Battle at the Pumps: Is there a solution for increasing prices?

Remember when Grandpa used to tell stories of how gasoline cost $0. 10 a gallon when he first started driving? We laughed at the thought of anything costing less than a dollar, but with today’s national average for gas sitting at $3. 00 a gallon, the 300% price increase is no laughing matter (Benton, 2007).

If the price for gas continues to increase at the rate it is now, our children will be the one’s finding humor in our silly rants of paying $90. 00 to fill our SUV tanks. Gas hikes and price gouging are issues that most Americans would rather not be associated with.

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Nevertheless, we all still have jobs to go to and errands to run. So, while some argue that the price increases are just a part of inflation, there are more arguing that gas pricing is a game of politics. Either way, we all will continue to pay what we have to go get from point A to point B. Targeting when gas hikes became such a hot issue dates back to the infamous “Katrina” disaster in August of 2005. In addition to the catastrophic storm, many claim that politics also play a part in price determination.
Whatever the reason, a solution must be sought. Thankfully, there are a few solution-seekers out there who are actively searching for ways to make living in the days of $3. 00 plus per gallon a bit more tolerable, albeit still an, ah-hem, unpleasant issue. Collaborations between companies, innovations in vehicles, and vehicle purchasing incentives are all ways businesses are working together to keep the bitterness at bay. Nevertheless, many of us won’t be happy until we are completely dependent on our own resources for the precious commodity.
So, while we will never see the same prices Grandpa paid for gasoline in our lifetime, reviewing the causes and finding solutions are the only ways we will avoid taking out a second mortgage just to put gas in the cars. Immediately after Hurricane Katrina, Americans panicked, and fearful gas retailers began a practice that was, for the most part, unheard of. Lines of gasoline-starved automobiles Battle at the Pumps 3 parked themselves at gas pumps, struggling to get every last drop of gas available before it was “all gone”.
Rumors of depleted gas barrel supply sent small town gasoline retailers, as well as few big city retailers into gouging mode. Within hours, prices went from $2. 00 to just over $3. 00 a gallon in states such as Texas and Louisiana, the states closest to the disaster (AP, 2005). Another spark contributing to the gas fire blazing at the pumps is the claim that election years tend to send gas prices into a rollercoaster pattern: down before elections, and up after elections. In fact, Joe Benton of ConsumerAffairs. com writes that pre-election gas prices averaged $2.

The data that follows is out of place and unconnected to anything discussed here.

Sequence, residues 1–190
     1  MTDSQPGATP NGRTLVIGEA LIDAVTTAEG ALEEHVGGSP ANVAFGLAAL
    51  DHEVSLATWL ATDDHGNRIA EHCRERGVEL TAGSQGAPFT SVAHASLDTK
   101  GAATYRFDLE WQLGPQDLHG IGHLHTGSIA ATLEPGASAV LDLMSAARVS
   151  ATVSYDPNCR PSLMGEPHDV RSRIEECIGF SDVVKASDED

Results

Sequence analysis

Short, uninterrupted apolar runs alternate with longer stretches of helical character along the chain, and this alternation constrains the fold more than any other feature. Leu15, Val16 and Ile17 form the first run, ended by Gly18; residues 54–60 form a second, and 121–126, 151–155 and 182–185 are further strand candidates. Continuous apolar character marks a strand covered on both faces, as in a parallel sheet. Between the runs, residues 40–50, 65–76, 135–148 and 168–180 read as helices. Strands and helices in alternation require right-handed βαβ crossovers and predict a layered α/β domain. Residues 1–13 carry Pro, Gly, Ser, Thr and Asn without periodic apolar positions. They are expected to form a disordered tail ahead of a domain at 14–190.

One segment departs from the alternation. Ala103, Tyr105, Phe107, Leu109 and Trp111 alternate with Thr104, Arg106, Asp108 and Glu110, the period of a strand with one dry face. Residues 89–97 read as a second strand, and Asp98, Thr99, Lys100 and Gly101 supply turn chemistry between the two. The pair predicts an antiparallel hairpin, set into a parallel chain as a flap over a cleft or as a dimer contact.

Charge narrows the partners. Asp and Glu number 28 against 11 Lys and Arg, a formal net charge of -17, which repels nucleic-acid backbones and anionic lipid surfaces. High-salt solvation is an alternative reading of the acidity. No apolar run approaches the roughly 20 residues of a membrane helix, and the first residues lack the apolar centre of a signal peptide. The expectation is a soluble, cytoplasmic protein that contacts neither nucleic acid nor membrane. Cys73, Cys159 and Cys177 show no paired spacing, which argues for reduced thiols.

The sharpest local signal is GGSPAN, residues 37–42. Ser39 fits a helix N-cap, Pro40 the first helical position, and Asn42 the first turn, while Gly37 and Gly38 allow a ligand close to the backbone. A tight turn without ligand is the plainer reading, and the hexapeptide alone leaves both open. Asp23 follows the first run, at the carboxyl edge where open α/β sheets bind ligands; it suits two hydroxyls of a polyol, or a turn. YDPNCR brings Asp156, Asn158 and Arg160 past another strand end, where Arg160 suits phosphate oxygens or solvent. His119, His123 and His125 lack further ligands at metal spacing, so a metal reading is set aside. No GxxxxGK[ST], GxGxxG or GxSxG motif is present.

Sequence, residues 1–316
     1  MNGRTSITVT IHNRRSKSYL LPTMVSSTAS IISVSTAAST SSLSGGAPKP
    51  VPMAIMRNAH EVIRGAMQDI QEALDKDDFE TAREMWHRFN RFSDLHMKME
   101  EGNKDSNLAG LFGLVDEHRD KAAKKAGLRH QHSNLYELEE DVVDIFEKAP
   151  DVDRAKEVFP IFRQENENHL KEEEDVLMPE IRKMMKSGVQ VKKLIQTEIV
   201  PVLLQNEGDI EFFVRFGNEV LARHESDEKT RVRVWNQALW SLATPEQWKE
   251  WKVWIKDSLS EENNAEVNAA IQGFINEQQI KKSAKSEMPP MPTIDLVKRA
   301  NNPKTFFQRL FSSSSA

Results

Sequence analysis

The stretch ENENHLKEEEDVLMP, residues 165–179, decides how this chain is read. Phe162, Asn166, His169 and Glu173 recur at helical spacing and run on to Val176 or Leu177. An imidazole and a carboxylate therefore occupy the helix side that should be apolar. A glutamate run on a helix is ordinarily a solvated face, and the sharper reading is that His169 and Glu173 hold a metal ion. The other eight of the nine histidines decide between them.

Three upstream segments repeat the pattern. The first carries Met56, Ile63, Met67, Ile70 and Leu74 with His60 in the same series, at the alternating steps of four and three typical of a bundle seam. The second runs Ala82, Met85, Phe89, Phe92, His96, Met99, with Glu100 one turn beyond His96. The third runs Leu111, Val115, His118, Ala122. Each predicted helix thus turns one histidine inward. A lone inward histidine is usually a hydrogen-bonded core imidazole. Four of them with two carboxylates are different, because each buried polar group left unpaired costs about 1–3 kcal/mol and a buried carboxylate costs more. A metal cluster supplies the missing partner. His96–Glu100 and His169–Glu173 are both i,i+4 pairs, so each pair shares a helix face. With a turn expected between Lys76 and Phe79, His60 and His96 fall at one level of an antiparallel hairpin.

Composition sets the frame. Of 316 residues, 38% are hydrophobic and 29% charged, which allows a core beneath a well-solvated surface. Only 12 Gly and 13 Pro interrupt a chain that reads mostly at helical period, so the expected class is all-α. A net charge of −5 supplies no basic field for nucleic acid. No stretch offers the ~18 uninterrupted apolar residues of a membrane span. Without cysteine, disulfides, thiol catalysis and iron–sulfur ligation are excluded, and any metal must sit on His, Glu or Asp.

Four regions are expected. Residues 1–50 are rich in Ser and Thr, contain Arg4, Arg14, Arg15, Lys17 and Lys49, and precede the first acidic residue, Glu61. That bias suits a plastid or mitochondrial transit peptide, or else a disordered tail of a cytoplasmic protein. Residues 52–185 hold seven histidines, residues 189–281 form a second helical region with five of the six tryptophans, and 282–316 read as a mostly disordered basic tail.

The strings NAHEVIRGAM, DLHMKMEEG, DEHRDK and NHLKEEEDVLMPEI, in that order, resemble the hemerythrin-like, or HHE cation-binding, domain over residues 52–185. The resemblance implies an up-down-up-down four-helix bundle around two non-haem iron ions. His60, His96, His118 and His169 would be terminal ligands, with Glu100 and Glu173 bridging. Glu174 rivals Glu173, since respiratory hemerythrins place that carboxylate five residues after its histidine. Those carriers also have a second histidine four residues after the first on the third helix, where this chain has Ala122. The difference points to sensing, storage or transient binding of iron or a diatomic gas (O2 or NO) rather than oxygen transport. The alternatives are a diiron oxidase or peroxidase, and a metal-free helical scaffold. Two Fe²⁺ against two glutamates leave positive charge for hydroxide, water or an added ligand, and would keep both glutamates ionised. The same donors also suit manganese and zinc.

50 a gallon, and that gas prices “are sure to rise again…right after the midterm elections” (2006). Mr. Benton was correct. Just after the elections the national average for gas prices increased 12. 5 cents in December, and has steadily continued to rise. Though the decrease is unexplainable, rest assured that the elections have nothing to do with it. If they were the reason for the decreased gas prices, however, most Americans would vie for monthly elections! Unfortunately, for the disgruntled, the days paying less than $2. 00 a gallon for gasoline are long gone.
In fact, we drivers, bus riders, airline passengers and taxi goers must continue the suffrage, as melees to locate the best gas source is continued. Until one is found, companies, manufacturers and even the government are giving a go at attempts to soften the blows of outrageously priced “petro”. The battle of fair gas prices has produced an effort among many to seek ways around getting hosed at the pump. For example, John Wakefield of Murphy Oil Corporation, states that Murphy USA’s goal is to “be a low cost provider to the communities [they] serve” (2006).
To comply with this statement, Murphy USA has collaborated with discount retailer, Wal-Mart, in order to offer a minimum of a three-cent discount for those who purchase fuel with a Wal-Mart gift card. This allows Murphy USA to maintain its position in offering a below average price for Battle at the Pumps 4 gasoline throughout the nation (Wakefield, 2006). Additionally, manufacturers, such as Ford and Chevy, have joined in the labors of providing an alternative for gas guzzling vehicles. Their answer to the gas price dilemma has been to increase promotion of hybrid and flex-fuel vehicles.